“OCtech changes lives, not only for our graduates, but also their families,” Orangeburg-Calhoun Technical College’s President Dr. Walt Tobin said.
With a rigorous curriculum and shining track record, it’s no wonder employers actively seek the school’s nursing graduates.
OCtech trains students with programs that focus on best-evidence practice and incorporates activities such as simulation labs, recording lectures to supplement face-to-face classes, and clinical case scenarios which allow students to apply information learned in theory to a situation or skill.
Additionally, the job-placement rate and NCLEX pass rates are between 95 and 100%.
“We believe our nursing programs are well-positioned for the future,” Tobin said. “College and program leaders have realized that in addition to our traditional program and student schedules, a growing need exists for alternative education options for adults who want to pursue a high-wage, high-demand career as a registered nurse or licensed practical nurse.”
OCtech’s Practical Nursing (PN) and Associate Degree Nursing (ADN) fundamentals classes teach students basic nursing skills, including physical assessment, Foley catheter insertions, nasogastric tube insertion, tracheostomy care, transferring patients, wound care and other skills needed to provide safe patient care.
With the addition of its ADN FLEX option in 2015, the ADN program has seen an increase in the number of minority student graduates, from 19% in 2015 to 46% in 2019.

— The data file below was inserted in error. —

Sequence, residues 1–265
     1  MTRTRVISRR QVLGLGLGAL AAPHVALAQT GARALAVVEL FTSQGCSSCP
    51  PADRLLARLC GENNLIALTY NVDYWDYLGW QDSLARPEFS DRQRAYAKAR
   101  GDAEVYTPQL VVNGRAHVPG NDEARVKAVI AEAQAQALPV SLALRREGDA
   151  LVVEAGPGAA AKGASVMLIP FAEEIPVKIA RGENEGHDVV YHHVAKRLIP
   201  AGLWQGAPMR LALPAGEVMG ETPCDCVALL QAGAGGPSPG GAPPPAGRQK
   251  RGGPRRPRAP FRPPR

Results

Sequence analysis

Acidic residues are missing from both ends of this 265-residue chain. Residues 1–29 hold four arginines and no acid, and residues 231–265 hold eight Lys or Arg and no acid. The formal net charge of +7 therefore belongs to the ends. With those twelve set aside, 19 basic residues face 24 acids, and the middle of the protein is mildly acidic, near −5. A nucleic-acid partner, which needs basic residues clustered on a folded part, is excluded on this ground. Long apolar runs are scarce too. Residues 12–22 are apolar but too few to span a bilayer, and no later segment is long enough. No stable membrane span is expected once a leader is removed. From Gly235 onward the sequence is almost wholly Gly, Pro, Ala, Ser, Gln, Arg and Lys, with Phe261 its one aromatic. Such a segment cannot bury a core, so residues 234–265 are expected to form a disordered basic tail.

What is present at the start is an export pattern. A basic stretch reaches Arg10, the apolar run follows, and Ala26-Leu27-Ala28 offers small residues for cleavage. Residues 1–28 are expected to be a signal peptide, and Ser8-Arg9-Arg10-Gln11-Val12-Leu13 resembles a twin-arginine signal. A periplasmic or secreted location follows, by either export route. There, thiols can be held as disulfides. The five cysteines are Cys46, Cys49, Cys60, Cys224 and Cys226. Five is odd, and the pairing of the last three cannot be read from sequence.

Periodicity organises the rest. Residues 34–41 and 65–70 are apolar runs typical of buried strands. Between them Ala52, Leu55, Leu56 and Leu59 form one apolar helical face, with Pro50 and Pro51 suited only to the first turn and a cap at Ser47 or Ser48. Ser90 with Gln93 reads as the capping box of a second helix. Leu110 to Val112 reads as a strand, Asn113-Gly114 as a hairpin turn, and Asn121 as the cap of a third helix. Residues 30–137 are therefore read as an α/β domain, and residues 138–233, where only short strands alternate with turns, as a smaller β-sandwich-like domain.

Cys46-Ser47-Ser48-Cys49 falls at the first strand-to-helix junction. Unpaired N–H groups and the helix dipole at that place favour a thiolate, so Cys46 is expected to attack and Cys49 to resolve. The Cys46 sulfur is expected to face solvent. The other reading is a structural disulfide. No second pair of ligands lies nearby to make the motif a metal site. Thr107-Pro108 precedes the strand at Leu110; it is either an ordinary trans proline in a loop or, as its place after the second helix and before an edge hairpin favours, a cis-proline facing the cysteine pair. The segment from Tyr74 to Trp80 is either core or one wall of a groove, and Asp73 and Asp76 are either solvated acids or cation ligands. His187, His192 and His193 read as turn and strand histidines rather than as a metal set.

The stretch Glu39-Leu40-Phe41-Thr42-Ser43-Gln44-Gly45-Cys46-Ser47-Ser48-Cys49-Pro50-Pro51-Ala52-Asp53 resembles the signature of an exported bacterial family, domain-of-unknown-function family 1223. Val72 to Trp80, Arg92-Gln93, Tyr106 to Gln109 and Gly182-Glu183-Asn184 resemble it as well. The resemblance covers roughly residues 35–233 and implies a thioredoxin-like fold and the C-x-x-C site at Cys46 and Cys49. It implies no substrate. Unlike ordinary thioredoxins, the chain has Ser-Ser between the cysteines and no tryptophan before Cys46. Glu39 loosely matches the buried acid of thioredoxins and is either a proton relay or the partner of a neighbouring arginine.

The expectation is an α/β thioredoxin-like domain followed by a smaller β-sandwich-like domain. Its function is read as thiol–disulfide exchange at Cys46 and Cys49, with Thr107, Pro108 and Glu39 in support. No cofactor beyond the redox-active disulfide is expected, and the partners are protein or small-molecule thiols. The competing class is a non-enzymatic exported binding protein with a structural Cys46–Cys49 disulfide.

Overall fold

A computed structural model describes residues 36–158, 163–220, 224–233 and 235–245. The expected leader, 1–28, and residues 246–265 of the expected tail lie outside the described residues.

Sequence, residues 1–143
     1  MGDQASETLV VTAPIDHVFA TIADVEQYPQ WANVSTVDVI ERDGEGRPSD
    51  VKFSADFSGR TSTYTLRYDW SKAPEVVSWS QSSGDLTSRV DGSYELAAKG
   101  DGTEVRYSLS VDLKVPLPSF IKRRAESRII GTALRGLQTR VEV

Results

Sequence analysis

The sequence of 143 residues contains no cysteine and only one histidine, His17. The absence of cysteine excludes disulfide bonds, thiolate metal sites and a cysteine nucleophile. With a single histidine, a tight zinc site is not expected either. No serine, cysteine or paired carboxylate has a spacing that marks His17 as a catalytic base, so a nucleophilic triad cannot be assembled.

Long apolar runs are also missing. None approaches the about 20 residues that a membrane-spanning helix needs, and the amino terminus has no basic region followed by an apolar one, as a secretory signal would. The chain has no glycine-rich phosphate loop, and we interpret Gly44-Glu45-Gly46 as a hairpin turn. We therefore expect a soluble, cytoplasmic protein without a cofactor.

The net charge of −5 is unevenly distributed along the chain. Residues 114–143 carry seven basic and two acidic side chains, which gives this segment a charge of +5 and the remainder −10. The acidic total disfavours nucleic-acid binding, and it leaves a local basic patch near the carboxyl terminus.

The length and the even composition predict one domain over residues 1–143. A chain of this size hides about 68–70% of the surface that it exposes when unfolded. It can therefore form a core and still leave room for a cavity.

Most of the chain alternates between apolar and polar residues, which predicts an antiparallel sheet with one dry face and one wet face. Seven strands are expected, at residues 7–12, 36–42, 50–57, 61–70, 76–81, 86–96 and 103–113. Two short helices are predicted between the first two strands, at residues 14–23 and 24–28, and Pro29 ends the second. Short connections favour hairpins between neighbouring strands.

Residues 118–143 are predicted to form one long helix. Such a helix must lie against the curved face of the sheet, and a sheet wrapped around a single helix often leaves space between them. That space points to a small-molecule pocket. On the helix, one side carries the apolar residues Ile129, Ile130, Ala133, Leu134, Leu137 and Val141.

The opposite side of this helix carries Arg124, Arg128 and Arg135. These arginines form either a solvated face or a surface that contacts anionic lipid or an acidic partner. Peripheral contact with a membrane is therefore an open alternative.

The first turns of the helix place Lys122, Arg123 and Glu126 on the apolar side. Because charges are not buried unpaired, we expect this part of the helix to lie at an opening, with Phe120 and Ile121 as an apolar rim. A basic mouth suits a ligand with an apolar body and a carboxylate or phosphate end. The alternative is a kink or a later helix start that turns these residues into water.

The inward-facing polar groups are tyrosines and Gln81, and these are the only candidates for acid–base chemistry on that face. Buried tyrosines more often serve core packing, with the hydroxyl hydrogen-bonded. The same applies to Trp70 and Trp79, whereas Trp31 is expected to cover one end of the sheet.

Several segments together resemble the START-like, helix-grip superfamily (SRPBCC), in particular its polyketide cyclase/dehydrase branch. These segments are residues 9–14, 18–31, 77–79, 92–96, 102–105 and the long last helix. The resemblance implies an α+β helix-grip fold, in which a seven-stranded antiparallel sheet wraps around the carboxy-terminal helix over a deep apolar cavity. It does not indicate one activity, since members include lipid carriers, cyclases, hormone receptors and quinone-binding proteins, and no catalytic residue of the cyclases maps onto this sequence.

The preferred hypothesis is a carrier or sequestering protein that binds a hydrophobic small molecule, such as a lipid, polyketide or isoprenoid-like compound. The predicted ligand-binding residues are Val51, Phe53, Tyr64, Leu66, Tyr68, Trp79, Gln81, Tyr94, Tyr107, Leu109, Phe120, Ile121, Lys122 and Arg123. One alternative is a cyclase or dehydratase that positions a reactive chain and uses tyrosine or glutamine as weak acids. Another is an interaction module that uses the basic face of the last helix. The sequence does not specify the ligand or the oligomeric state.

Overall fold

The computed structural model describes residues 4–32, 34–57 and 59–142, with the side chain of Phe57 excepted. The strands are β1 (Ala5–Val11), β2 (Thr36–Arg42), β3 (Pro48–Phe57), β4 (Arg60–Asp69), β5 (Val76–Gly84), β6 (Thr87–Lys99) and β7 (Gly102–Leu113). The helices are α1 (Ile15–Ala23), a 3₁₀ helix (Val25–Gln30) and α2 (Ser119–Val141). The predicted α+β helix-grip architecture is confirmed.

This option made a difference for two recent graduates.
Keneysha Cornish, assistant director of nursing and staffing development coordinator at Midlands Health and Rehabilitation Center in Columbia, decided to join the ADN FLEX program in 2018.
A week before the summer semester started, she fell into non-stop epileptic seizures while at work. She had to spend the entire week hospitalized, four days of which she needed life support.
Cornish said because of the flexibility of the program, and the ability to take tests online, her medical emergency did not stop her academic progress.
She added saying that while working and going to school, she was still able to fulfill her commitments as a wife and mother of then-3-year-old twins.
Quentin Thomas works on an as-needed basis in the emergency departments at the Regional Medical Center in Orangeburg and Prisma Health Baptist in Columbia.
A lack of flexibility in his first attempt at earning an ADN forced him to quit school until 2017, when he was able to secure a spot in the 2017 ADN FLEX class and keep his job.
Thomas said the program made it possible not only to graduate but to do so without much debt.
OCtech’s ADN program was named a Bellwether Award Finalist this spring for its flexible nursing options.
The technical school continues to grow each year.
“In 2019, our PN and ADN programs received full accreditation from the Accreditation Commission for Education in Nursing for another eight years,” Tobin said. “This accreditation speaks volumes about the quality of the education that we provide our students.”
Additionally, the school opened its new state-of-the-art nursing building this spring.
The 30,000-square-foot technology-enriched facility features a 200-seat lecture hall that can be divided into up to three individual classrooms, as well as a computer lab, study rooms, skills practice lab and simulation labs.